(i *think* that's the guy's name.)

  2. Actually, Mike Hinton is a great guess. I've got to look into this...

  3. when etta james passed away recently, i was linked a few times to video of this show, but i couldn't make out who the mystery guest was during the brief moments they showed him.

  4. Thanks Joobie. At least its a confirmation that I didn't imagine this.

  5. my pleasure. it's funny because i was never really into this show and i have now spent more time thinking about it that many of the shows i listen to all the time.

    when etta died i started listening to the third set and got interrupted, and for some reason didn't get back to it. maybe soon i will give the whole show the listening it deserves now.

  6. Joobie, I am always appreciative when people take the time to put comments on my blog, but you have said an extremely nice thing. I think about old shows too, probably too much, and if I can get other people to reflect upon them as well than I am not just spinning my wheels.

  7. Ummm, it would appear from you tube to be the tower of powers long time drummer David garibaldi, who also appears on Mickey Harts supralingua album.
    Interview with sax player here where he talks about this show

    1. Great sleuthing. Garibaldi was a buddy of Mickey Hart's, it makes a lot of sense that he was invited on stage.

  8. A - Yeah, I worked with Jerry Garcia. We played with The Grateful Dead in 1987. We played with them several times, but in 1987, I remember we did New Year's Eve with them. He called us up and said they were backing Etta James at the Henry J. Kaiser Arena, which originally was the Oakland Auditorium and they had just changed the name of it. Tower Of Power was opening for the Jefferson Starship at the Fox Warfield in San Francisco. So, we said we'll do the gig, but you gotta get a limo and shuttle us back and forth between our gig and yours. It was two nights of performing and recording. That was real interesting because that was when Ethan James was also really, really out of her mind on drugs and alcohol. Of course, The Grateful Dead at that time were very actively using and drinking. I remember we were there for the sound check. The crew was there and everything was set up, but there were no musicians. We were waiting, 'cause we had to get over to San Francisco to do our sound check. We're waiting and waiting until finally one of the crew guys says "Do you want to test your microphones?" We go "yeah, sure." So we went up and they had the most incredible P.A. system. We played the introductory line to "Tell Mama", which was one of Etta James biggest tunes. We knew that song for years. It was a big horn line. So, we went up there and started playing that tune. It was huge in the auditorium. It turned out all the members of The Grateful Dead were there. They were just in sort of these little closets and cubbyholes, smoking and doing there thing. When they heard the horns they came out. I said "You know what? We gotta get this thing going because we gotta go do our own sound check. So, if we're gonna play, let's do it." I remember I got to teach them five songs at the sound check. I taught 'em how to play "Tell Mama", "Hard To Handle", "Midnight Hour", which ironically they had played for years but seemingly didn't know the tune, and "Turn On Your Lovelight". They were so excited. I think at that point they were so stagnant they hadn't learned a new tune in years. I remember Phil Lesh and Bobby Weir coming to me and sayin', "man, that was great! Let's do some more!" (laughs) I said "I gotta go to my sound check, but we'll learn some more tomorrow." Etta James didn't even show up. Then that night when we went back over there to do the show, she was backstage and she calls me in. She had a bunch of cocaine there and was snorting it. She said, "You're gonna have to tell me the lyrics to all these songs." I said, "you know the lyrics to Tell Mama. That's your song." She said "You're gonna have to tell 'em to me." (laughs) I'm standing there telling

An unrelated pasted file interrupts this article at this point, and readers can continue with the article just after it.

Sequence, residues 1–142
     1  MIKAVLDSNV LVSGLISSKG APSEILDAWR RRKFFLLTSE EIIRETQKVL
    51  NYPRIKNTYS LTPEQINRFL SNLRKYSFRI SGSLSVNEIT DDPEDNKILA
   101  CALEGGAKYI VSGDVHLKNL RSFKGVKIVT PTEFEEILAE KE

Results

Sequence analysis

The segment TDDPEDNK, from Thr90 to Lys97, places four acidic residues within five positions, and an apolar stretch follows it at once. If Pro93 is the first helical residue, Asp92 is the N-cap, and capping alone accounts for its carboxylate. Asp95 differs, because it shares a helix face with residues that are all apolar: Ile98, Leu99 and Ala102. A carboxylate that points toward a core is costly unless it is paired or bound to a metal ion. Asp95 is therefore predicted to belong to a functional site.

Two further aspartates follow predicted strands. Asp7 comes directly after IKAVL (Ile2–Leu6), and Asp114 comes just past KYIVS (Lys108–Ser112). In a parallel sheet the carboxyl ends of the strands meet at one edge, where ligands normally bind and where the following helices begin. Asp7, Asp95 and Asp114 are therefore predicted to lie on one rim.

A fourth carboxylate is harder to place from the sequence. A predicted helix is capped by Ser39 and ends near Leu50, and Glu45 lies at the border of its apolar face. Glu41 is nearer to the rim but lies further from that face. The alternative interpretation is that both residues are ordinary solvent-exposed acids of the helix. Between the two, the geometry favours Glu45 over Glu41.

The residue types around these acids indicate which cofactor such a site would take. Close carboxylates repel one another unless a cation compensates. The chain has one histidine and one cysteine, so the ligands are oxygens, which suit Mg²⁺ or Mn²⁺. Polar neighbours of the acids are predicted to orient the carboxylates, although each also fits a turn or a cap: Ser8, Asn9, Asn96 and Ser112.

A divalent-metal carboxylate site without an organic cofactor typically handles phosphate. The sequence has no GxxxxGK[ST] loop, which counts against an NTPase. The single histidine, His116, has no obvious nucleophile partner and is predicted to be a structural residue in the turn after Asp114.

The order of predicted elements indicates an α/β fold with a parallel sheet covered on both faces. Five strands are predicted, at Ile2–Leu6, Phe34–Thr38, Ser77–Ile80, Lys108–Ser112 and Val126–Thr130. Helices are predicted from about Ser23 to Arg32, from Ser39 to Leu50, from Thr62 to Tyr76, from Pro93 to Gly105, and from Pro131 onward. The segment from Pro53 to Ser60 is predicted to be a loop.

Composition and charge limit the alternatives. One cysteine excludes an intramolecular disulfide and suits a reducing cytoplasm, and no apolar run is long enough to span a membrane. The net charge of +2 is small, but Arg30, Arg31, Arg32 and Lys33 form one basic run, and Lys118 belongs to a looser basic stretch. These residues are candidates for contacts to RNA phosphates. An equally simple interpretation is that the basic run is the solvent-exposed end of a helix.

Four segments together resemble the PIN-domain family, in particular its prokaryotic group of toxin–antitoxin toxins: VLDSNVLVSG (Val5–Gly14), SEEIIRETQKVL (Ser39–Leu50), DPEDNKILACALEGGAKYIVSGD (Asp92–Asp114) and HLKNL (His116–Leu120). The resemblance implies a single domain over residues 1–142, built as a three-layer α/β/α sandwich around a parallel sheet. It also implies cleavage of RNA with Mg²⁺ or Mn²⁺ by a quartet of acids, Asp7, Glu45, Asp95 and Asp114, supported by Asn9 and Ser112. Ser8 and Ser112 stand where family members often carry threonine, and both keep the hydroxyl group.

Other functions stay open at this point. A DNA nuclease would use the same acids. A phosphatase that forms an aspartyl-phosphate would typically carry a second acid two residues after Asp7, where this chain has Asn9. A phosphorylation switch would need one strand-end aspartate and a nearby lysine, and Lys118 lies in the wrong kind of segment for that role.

I'd recommend life love $ the Blues by Etta James, it's from edmontons greatvrecord label true north,from the 1990 s I think